the court found that a signature card mailed to Plaintiff in Utah, two letters sent to Plaintiff
soliciting signature verification, fourteen other written communications, and a few wire transfers
of funds to Utah were not enough to establish minimum contacts. Id. Similarly, in this case,
Fidelis had incidental communications with Plaintiffs. Even if there were several emails and
telephone conversations between Fidelis and Plaintiffs, it is unclear whether those emails and
telephone communications were received in Utah given that some communications occurred
outside of Utah as well. As in Soma Medical, the court finds that the communications do not
establish minimum contacts with the state.
The court concludes that Fidelis has not purposefully directed its activities at Utah.
Fidelis is a New Zealand company with its principal places of business in Texas and Florida. It
contracted with residents of Utah to revive a Delaware company in Delaware. Fidelis’ business
activities were not focused on Utah. Fidelis revived IMS in Delaware but did not license IMS to
do business in Utah. There is nothing in the contract indicating that the contract was to be
performed in Utah and any performance of the contract Plaintiffs engaged in under the contract in
Utah was unilateral conduct. The court concludes that Fidelis’ contracting with Plaintiffs as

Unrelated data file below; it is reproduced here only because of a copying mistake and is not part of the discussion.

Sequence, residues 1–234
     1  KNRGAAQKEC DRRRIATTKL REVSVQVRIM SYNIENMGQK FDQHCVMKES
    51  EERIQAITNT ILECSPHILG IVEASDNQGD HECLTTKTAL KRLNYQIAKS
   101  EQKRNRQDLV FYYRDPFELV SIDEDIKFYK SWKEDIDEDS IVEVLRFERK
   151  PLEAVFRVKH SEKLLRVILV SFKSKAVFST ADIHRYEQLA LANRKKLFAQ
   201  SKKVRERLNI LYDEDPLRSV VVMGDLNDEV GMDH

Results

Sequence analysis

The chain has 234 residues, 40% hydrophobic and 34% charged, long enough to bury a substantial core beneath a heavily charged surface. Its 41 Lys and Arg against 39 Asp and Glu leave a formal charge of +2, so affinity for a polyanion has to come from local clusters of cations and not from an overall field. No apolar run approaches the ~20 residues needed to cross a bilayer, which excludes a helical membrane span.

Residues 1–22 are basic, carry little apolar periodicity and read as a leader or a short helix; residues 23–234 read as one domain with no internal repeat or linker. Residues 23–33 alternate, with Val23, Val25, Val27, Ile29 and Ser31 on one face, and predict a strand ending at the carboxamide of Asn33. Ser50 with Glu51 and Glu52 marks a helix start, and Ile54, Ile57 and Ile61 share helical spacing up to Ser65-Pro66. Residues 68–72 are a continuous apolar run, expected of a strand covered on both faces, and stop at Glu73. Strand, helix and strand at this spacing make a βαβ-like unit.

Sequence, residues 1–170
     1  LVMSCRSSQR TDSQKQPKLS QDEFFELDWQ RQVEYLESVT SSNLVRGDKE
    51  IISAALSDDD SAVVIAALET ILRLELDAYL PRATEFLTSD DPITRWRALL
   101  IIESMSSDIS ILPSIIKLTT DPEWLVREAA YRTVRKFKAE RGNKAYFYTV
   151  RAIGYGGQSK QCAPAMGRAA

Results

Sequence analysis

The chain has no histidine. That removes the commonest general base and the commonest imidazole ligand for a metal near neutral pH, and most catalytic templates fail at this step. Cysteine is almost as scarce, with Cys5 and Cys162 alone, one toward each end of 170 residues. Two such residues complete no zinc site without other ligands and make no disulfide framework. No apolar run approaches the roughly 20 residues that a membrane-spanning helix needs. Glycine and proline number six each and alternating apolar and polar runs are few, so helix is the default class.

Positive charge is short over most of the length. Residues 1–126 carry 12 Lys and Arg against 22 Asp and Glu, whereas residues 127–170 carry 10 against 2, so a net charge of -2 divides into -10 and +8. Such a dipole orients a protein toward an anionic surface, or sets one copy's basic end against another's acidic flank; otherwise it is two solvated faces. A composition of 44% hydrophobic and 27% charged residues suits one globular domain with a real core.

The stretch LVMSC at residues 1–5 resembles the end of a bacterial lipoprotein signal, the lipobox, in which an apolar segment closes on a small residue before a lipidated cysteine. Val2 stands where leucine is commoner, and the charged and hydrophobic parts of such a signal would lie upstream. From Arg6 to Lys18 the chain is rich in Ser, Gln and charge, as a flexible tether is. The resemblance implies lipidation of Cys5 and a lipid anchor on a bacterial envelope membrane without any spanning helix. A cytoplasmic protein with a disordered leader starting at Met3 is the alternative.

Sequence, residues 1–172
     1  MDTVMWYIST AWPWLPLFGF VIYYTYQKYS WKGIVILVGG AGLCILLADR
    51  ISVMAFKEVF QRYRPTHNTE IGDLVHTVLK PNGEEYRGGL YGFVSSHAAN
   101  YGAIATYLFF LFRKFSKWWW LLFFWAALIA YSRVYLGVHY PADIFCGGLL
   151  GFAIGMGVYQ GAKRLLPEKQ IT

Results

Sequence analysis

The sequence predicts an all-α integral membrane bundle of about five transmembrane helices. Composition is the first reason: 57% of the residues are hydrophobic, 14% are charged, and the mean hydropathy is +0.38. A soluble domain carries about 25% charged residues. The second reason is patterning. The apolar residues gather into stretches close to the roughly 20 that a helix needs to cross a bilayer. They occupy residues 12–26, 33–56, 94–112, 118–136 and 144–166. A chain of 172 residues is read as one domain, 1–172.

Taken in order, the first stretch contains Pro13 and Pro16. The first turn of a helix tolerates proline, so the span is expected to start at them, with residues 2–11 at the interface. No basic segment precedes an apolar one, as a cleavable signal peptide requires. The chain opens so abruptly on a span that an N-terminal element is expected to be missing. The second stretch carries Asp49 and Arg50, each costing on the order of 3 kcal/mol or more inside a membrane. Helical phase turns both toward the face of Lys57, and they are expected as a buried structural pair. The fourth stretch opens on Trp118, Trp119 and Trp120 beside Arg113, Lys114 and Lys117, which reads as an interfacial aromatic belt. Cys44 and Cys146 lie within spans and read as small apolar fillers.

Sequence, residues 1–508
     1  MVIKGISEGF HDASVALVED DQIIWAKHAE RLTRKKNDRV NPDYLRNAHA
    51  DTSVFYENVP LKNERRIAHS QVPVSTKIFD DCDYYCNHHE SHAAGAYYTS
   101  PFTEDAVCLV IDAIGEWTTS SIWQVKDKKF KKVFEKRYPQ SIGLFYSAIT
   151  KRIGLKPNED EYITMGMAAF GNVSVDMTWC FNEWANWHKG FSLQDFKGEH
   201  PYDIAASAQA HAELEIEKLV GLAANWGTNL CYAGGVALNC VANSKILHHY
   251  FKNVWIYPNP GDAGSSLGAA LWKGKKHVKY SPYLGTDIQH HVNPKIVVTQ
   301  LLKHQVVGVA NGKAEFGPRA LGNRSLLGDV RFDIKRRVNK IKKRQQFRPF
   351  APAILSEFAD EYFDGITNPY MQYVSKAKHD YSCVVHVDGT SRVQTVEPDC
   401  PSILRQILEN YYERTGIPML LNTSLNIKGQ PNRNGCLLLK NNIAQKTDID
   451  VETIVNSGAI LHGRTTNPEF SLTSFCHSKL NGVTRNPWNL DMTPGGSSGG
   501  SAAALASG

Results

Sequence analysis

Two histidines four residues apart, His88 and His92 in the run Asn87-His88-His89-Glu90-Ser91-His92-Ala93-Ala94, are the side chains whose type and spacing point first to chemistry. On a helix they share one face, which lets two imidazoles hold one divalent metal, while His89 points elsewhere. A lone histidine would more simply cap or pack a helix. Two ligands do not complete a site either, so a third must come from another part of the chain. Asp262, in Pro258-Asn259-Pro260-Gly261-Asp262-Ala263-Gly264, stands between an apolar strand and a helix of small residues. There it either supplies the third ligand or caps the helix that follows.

owners of a Delaware company and engaging in interstate communication with Plaintiffs in
connection with the contract is not enough to find that Fidelis purposefully availed itself of the
benefits and privileges of the State of Utah. Therefore, the court finds that there are not
sufficient contacts for this court to exercise specific personal jurisdiction in accordance with due
process standards. In addition, notions of fair play and justice do not support the exercise of
jurisdiction over Fidelis in Utah. In light of the court’s due process analysis, it is unnecessary to
consider the statutory basis for jurisdiction under Utah’s long-arm statute. Accordingly, Fidelis’
Motion to Dismiss for Lack of Personal Jurisdiction is granted.
Fidelis also argues that the case should be dismissed under FRCP 12(b)(5) for insufficient
service of process. Regardless of whether an entity is a domestic or foreign corporation, the
entity can be served either domestically or abroad. Fed. R. Civ. P. 4(h). Plaintiffs chose to
attempt service in New Zealand and filed a New Zealand process server’s declaration that posting
the Summons and Complaint was in accordance with New Zealand law. Despite the concerns
with service the court addressed above, the court concludes that there are no grounds for
dismissing the complaint based on insufficient service of process.
Based on the above reasoning, Defendant’s Motion to Set Aside Default Judgment is
GRANTED and Defendant’s Motion to Dismiss for lack of personal jurisdiction is GRANTED.
This action is dismissed without prejudice for lack of jurisdiction.
DATED this 31st day of May, 2017.
BY THE COURT:
DALE A. KIMBALL,
United States District Judge